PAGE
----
Image of a compost pile

Food Safe Compost Use



From an agronomic perspective, compost is unmatched as a soil builder and can greatly contribute to overall plant and soil health. From a food safety perspective, compost can be a hazard, especially if made with animal byproducts. Proper com- posting of animal byproducts is essential to ensure a reduced risk of contamination.

Improper composting can result in applying a product that could pose a food safety risk. This guidance document will walk you through the recommended steps for effective compost use while ensuring GAP and FSMA compliance. It will also provide a sample written policy for composting of waste and application of composted product to adapt to fit your operation’s use of compost. In addition, supplemental record keeping logs are provided as part of this episode’s documentation.

To ensure a pathogen free product, compost piles must be treated in some fashion to reduce the microbes in them. One method is allowing the pile to heat with aeration to at least 131 degrees Fahrenheit for up to 15 days. If you produce the compost on site, there is an expectation that you will measure the temperature of compost piles on a daily basis and that the temperatures will be logged in your food safety manual. If you purchase compost, you need to include a Certificate of Conformance from the buyer to comply with FSMA.

For FSMA compliance, bacteriological testing of purchased compost is not required. When using purchased compost on a crop that is third party audited, verify with your auditor what records you will need from the supplier to ensure you meet audit requirements.

The first requirement of an effectively written compost policy is a statement about compost being safe in both how it will be produced and how it will be applied. This is not required under FSMA, but is something GAP auditors often require. The example introductory statement on the next page outlines this requirement.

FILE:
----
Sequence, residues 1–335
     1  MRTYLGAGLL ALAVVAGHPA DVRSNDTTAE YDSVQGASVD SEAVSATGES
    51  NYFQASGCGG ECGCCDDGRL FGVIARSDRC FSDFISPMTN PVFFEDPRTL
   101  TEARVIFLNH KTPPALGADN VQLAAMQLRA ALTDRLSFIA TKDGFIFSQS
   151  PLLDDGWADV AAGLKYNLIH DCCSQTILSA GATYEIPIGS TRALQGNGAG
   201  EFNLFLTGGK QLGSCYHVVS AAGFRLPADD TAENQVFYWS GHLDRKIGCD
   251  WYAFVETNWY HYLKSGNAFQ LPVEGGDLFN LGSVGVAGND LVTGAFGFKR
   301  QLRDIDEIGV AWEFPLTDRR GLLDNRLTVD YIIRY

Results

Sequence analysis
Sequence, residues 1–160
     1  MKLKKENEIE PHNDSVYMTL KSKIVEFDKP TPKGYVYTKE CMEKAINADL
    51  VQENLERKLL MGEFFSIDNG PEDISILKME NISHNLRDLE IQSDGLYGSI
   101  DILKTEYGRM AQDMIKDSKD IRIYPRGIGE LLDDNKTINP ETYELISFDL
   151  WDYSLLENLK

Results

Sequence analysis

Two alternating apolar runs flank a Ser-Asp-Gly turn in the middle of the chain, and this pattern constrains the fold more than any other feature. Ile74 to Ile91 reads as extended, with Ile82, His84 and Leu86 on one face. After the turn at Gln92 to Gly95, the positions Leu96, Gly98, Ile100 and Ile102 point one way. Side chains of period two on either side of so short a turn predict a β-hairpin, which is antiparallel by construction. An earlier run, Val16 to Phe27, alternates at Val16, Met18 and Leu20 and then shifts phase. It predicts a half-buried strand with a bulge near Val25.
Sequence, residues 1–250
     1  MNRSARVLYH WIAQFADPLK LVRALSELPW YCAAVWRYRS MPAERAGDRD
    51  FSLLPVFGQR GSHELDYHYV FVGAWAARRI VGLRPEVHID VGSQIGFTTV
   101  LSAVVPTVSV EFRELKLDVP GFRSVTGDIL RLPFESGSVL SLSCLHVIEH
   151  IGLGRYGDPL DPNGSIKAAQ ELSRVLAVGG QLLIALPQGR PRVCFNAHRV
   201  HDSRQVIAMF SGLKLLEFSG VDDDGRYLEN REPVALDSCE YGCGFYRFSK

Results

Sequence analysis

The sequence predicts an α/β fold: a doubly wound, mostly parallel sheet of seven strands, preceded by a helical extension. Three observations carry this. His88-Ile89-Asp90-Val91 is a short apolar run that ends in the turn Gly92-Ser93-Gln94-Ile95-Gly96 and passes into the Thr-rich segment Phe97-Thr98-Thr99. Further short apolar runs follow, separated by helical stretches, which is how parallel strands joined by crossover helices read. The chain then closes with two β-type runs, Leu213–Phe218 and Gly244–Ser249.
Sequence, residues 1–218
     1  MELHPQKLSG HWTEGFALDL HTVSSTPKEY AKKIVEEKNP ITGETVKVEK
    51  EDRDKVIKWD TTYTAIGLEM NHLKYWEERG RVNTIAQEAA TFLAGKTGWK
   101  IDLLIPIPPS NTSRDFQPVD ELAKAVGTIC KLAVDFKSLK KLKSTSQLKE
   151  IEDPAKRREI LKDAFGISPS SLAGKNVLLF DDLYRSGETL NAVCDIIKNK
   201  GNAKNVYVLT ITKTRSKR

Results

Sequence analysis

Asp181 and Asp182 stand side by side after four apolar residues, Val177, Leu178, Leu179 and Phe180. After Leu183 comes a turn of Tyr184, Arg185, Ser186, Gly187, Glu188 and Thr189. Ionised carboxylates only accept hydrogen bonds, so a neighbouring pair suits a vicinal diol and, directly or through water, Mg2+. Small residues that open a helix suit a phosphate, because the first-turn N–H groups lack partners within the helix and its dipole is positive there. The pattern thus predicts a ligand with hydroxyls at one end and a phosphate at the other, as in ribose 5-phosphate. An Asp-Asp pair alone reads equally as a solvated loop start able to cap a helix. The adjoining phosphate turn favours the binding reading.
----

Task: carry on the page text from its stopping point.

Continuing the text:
Composting Policy

All compost applied that comes into contact with the harvestable portion of the crops will be composted fully to finishing using a scientifically validated prior to use. [112.54(a)]

In the absence of both time and temperature treatment with verification through records, partially composted materials will be treated like manure. When the compost is applied risks are further reduced by minimizing contact with the harvestable portion of the crop.


The next requirement of a compost policy depends on whether the compost was bought or produced on-farm. Purchased compost must have a Certificate of Conformance [112.60(b)(1)] provided by the seller at least annually.

The Certificate of Conformance must contain:

  • Assurance that the process is scientifically validated [112.60(b)(1)(i)]
  • Assurance that the compost wasn’t contaminated from making it to its arrival on-farm [112.60(b)(1)(ii)]

Compost made on the farm is acceptable to use under FSMA, provided the grower has a record outlining the scientific validity of the process used to make the compost [112.54], and records (such as time, temperature and turnings) showing the process was followed on the farm [112.60(b)(2)].

You will find sample time-temperature monitoring log sheets in the show notes. As always, you will want to alter these and the associated policies for the size and scope of your operation.

An auditor is looking for evidence of a system written in the Food Safety Manual to minimize incidence of foodborne illness, visual evidence that it is taking place and documentation that it has been taking place in the past. Writing the Composting Policy is the first step. Implementing the practices on your farm is the next step. Documenting that you have both a valid process in place and proof that it is being followed is the final step.



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